During his remarks Tuesday at the World Economic Forum meeting in Davos, Switzerland, John Kerry, President Joe Biden’s climate envoy, rather absurdly declared that “it’s so almost extraterrestrial to think about saving the planet.”
Indeed, Kerry’s assertion sounds so alien, particularly considering the reality of how China, the world’s top polluter, has avoided paying for climate damage.
According to a recent World Bank study, China emits 27% of global carbon dioxide and one-third of the world’s greenhouse gases. That exceeds those of the U.S. and other developed countries combined.
More specifically, in its Global Energy Review: CO2 Emissions in 2021, the International Energy Agency points out in detail:
The rebound of global CO2 emissions above pre-pandemic levels has largely been driven by China, where they increased by 750 million [tons] between 2019 and 2021.
The emissions increases in those two years in China more than offset the aggregate decline in the rest of the world over the same period. In 2021, China’s CO2 emissions rose above 11.9 billion [tons], accounting for 33% of the global total.
China’s environmental abuses and destruction are not so “extraterrestrial” and must be addressed if Kerry and a select group of human beings he described during his World Economic Forum speech really intend to “save the planet.”
While the Chinese people have suffered the worst environmental impacts of its actions, Beijing also threatens the global economy and global health by unsustainably exploiting natural resources and exporting its willful disregard for the environment through various illiberal policies.
Tragically, the Chinese Communist Party represses civil society and a free press, slowing changes that would benefit the Chinese people and people all over the world.
From a broader perspective, economic growth and environmental governance are not mutually exclusive. Both prosperity and the environment can surely flourish side by side.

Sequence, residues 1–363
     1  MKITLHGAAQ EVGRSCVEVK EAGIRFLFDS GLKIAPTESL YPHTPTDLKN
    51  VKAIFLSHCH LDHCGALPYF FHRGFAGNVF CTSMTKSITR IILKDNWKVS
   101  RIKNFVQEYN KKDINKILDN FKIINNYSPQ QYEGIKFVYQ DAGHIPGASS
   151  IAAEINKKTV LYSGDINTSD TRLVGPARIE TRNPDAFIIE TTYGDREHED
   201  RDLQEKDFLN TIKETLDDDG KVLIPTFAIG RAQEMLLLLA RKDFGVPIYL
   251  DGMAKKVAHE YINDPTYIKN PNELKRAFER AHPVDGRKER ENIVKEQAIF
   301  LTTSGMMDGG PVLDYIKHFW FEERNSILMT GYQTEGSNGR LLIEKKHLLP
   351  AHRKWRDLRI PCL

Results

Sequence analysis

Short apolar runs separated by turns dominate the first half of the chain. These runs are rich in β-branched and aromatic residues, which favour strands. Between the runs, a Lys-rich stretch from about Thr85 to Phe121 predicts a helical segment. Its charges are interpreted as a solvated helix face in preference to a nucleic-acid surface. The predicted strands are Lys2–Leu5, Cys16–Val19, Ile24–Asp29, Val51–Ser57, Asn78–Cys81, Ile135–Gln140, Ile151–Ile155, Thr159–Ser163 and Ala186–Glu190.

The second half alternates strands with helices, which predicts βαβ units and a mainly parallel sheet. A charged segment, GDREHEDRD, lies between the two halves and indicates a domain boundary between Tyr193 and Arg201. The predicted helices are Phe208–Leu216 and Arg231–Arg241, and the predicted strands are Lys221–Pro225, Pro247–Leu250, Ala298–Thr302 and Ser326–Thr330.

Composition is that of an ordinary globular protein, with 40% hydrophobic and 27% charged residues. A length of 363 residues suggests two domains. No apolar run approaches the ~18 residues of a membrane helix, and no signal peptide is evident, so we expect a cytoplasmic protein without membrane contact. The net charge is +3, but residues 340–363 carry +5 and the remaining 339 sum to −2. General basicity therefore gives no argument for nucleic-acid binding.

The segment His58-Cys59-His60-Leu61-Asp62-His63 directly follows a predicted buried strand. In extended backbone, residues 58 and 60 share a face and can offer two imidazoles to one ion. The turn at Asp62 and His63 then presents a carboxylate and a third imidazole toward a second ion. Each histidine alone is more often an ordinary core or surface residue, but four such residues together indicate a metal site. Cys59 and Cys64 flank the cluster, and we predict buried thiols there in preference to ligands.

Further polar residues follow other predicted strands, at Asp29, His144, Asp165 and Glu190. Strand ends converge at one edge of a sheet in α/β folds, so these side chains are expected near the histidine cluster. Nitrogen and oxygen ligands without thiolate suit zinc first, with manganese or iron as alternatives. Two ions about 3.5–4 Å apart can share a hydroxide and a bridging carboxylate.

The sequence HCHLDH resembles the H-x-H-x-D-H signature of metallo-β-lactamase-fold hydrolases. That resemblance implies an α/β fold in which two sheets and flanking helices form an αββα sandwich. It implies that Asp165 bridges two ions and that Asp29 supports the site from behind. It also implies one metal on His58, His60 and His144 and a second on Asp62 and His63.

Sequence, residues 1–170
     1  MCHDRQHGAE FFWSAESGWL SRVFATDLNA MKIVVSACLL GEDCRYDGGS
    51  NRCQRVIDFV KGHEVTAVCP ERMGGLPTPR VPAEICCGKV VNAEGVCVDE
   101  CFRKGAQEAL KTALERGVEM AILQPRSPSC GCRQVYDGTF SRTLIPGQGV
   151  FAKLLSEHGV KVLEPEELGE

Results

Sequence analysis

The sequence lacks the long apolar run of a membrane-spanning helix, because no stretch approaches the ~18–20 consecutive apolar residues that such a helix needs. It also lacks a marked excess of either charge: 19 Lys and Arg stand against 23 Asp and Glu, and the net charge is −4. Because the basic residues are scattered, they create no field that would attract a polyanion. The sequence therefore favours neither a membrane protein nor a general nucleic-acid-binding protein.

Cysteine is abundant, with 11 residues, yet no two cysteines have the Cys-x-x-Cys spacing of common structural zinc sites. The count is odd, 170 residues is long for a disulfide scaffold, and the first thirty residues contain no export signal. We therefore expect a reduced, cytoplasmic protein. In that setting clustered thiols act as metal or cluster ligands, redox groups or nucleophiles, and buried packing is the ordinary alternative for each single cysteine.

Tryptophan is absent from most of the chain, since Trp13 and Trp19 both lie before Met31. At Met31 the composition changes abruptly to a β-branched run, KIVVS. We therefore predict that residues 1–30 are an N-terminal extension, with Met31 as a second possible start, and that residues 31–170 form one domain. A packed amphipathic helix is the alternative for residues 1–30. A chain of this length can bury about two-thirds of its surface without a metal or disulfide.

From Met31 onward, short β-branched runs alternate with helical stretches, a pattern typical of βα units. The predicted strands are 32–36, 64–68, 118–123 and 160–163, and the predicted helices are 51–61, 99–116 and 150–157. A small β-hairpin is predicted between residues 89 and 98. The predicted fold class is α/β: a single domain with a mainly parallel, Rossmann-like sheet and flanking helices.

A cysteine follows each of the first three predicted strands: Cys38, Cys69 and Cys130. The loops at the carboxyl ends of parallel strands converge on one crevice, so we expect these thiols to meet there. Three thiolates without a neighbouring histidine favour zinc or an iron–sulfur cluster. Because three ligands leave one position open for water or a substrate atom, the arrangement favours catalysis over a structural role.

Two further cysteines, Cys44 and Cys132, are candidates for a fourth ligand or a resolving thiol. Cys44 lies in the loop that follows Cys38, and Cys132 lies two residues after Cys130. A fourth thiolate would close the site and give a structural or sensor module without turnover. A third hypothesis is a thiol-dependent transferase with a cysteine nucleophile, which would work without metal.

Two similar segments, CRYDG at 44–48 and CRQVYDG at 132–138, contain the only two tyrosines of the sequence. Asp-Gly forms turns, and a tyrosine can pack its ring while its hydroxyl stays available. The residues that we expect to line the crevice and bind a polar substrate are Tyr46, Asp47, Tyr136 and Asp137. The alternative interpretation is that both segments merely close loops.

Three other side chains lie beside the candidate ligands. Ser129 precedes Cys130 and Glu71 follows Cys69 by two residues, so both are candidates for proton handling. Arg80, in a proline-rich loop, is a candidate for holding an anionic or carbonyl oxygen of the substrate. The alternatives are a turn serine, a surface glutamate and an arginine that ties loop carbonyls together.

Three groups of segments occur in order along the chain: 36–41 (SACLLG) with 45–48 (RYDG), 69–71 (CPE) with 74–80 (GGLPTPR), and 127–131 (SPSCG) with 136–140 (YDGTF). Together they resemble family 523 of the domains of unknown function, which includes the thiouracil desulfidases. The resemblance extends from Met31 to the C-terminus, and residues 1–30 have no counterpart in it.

Fundamentally, a nation’s capacity to grow, prosper, and safeguard the environment hinges on the quality of its institutions and economic system, as shown by The Heritage Foundation’s annual Index of Economic Freedom, which measures economic governance in key areas related to economic growth and prosperity. (The Daily Signal is the news outlet of The Heritage Foundation.)
For more than a quarter of a century, the index has measured, country by country, the advances and retreats in economic freedom around the globe. In the process of doing that, the index has underscored a strong linkage among economic freedom, prosperity, and resilience.
It’s the freer economies—those that uphold the rule of law, private property rights, limited government, regulatory efficiency, and market openness—that do a far better job of achieving more dynamic growth while creating a healthier, cleaner natural environment.
China’s economic freedom has grown over the past few decades at a snail’s pace. Beijing has long taken credit for China’s economic success and wishes to keep it that way. However, the Chinese Communist Party has never abandoned its authoritarian ideology and approach.
Chinese President Xi Jinping has successfully institutionalized the party’s new paradox between craving greater control that puts the party above all and the pursuit of much-needed positive economic outcomes, which has been increasingly challenging.
The Chinese economy remains “mostly unfree.” Previously announced reforms rarely pan out, with pro-market reforms slowed and even derailed in some sectors. Unambiguously, China’s economic freedom deficit distorts markets beyond its borders.
Kerry said that he hopes the resumption of Washington’s diplomatic talks with Beijing can make a “huge difference” to “save the planet.” But it would be better for him to remember that the ever-greater control of the Chinese Communist Party under Xi—which has increasingly suffocated the intellectual, social, and economic freedom of the Chinese people—is at the core of all the issues that Washington must deal with in shaping its actions toward the communist regime, whether environmental or economic.
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